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Re: Unconditional Love and Responsibility

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  • l2eigh
    Hi Mish (again): Okay. I m sorry. I was skipping too much in your post. I think people make a mistake when they think they can detach themselves from their
    Message 1 of 9 , May 24, 2005
      Hi Mish (again):
      Okay. I'm sorry. I was skipping too
      much in your post. I think people
      make a mistake when they think they can detach themselves from their
      feelings. You're
      feelings are with you 24 hours a day. You're never "detached" from
      them. You just may not
      have your attention on them. Of course there's always conflict when
      you try to push
      something that's part of the central part of you away. What's
      important is your survival. If
      your worrying about something is threatening your survival you've got
      to do something
      about it. It depends on what it is and what your commitments are out
      beyond the point
      that's bothering you. Do we pay for being uncompassionate? I don't
      think there's any
      question that we somehow "pay" if we are uncompassionate -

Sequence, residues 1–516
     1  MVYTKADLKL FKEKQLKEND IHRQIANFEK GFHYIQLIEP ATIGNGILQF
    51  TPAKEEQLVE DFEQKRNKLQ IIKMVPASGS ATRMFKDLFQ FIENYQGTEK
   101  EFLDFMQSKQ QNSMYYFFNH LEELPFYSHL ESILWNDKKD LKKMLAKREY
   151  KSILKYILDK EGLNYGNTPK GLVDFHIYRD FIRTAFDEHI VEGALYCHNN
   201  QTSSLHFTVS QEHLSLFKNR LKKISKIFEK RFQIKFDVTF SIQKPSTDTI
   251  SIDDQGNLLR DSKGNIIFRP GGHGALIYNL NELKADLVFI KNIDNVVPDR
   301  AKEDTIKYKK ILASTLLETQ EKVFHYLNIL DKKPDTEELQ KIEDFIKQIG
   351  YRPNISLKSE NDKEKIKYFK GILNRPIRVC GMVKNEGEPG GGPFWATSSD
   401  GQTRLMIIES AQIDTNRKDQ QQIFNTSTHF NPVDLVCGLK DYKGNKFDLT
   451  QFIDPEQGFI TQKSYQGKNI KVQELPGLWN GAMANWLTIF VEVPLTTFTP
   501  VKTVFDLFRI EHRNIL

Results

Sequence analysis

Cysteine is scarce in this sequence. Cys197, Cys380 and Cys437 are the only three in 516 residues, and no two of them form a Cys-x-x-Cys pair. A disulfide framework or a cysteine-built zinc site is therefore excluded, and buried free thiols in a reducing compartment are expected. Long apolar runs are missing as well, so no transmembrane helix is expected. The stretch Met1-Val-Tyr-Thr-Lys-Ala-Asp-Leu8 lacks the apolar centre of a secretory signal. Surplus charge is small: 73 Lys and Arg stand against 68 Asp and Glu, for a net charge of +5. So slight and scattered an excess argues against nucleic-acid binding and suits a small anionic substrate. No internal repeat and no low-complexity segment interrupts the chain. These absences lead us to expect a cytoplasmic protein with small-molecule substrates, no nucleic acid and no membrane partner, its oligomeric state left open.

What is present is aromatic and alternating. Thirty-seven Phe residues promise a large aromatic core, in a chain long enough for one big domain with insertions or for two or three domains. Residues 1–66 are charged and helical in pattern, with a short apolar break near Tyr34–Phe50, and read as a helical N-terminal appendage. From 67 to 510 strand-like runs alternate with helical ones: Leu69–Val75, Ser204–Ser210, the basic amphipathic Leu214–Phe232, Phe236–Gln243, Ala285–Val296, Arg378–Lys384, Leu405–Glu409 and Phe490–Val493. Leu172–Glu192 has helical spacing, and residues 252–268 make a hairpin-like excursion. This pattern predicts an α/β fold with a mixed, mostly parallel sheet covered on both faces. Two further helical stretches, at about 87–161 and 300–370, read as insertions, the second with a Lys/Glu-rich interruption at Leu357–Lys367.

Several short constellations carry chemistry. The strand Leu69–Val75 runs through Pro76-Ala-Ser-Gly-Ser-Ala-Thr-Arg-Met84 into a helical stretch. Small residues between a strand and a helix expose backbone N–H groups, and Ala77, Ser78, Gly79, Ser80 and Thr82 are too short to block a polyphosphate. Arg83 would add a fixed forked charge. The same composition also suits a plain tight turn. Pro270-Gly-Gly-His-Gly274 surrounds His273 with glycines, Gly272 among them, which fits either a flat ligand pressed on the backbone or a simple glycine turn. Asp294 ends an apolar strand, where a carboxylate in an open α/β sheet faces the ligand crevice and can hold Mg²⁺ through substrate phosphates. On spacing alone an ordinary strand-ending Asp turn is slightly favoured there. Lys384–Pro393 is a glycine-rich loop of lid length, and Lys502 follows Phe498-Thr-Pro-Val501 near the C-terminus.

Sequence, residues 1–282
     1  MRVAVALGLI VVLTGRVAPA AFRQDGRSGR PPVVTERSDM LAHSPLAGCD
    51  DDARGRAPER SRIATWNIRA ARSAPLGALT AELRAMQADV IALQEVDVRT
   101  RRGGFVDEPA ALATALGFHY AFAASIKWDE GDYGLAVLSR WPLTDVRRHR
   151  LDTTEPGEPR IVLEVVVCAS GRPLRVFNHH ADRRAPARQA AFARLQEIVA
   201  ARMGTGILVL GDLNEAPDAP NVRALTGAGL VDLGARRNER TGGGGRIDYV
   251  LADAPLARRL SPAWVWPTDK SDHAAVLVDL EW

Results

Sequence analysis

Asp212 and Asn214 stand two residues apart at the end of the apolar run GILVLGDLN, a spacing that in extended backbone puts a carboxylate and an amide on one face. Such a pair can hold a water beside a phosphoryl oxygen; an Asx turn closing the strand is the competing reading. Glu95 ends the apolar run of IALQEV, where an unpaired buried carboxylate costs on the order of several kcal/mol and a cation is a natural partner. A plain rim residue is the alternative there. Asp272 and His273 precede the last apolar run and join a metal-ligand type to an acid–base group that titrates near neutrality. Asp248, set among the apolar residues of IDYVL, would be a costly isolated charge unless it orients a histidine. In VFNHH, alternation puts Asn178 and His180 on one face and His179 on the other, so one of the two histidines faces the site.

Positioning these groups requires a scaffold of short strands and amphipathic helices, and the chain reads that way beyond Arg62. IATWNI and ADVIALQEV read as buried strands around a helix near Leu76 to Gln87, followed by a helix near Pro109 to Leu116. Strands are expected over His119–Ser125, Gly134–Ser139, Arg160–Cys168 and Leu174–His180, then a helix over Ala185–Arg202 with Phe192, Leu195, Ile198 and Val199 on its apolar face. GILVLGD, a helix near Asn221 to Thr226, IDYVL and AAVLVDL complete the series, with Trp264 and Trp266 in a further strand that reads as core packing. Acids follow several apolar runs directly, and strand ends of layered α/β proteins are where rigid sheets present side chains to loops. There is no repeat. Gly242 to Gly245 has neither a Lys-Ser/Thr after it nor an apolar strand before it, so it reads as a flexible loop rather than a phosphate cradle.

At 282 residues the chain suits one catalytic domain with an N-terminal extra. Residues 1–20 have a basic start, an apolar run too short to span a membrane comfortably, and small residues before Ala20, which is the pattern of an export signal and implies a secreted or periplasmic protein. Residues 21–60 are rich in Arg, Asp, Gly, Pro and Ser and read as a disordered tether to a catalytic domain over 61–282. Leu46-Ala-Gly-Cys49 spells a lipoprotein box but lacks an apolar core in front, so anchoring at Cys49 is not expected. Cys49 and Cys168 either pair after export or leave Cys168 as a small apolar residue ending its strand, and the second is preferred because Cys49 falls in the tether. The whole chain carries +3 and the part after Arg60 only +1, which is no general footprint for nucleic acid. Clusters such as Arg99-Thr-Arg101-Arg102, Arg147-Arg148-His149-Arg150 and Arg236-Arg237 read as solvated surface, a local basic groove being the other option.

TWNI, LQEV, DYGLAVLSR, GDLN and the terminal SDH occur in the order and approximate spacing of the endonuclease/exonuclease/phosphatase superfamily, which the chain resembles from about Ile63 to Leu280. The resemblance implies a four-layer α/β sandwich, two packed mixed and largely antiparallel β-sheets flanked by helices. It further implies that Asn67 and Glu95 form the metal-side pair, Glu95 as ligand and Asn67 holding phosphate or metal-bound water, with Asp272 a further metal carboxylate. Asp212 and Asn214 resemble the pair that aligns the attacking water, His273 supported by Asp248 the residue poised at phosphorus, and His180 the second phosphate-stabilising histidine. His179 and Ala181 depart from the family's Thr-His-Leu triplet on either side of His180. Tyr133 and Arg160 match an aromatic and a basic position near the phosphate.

repeatedly, that is. Anyone
      can make a mistake or miss an opportunity. I wouldn't say that's the
      same thing, or put it
      in the same category. Responsibility? You say: "If we love someone,
      don't we have
      responsibility for their well-being as well?" No. Your child, or
      children, yes. Your husband?
      - maybe. You see, there's a difference. What you're talking about is
      relationships. Love in
      relationships. You make your decisions about that and how much your
      commitment will
      be, how far it will go. I'm sorry, I didn't mean to make a smart
      remark. I'm just making a
      point. I think children are responsibilities and obligations we have
      to live up to the best we
      can, and circumstances sometimes interfere with that. But
      nevertheless that, is that, and
      everything else is about choice. No one could tell me how much to
      love my wife, for
      instance. That was entirely a matter of my choice. And I wouldn't
      have had it any other
      way.
      Love in relationships. Everything is a
      relationship, eh? You talk about
      love and caring. I think it's important to distinguish between love
      and compassion. I don't
      believe they're the same. I believe they each have different demands
      and different
      requirements. I believe it's important to practice both constantly
      and continuously, but to
      be cautious, or careful not to mix the two up.
      And finally, you ask: "how can we
      become advanced in consciousness
      if we detach from love and caring?" I don't think we can. I think if
      we do that, we become
      retarded and compassion goes out the window.
      I don't know if what I've said here
      has been at all helpful. It's a bit
      late, I'm a bit tired, and it's the best I can do at the moment. I
      don't think there's anything
      you don't understand. "Detachment" I think is what confuses everyone.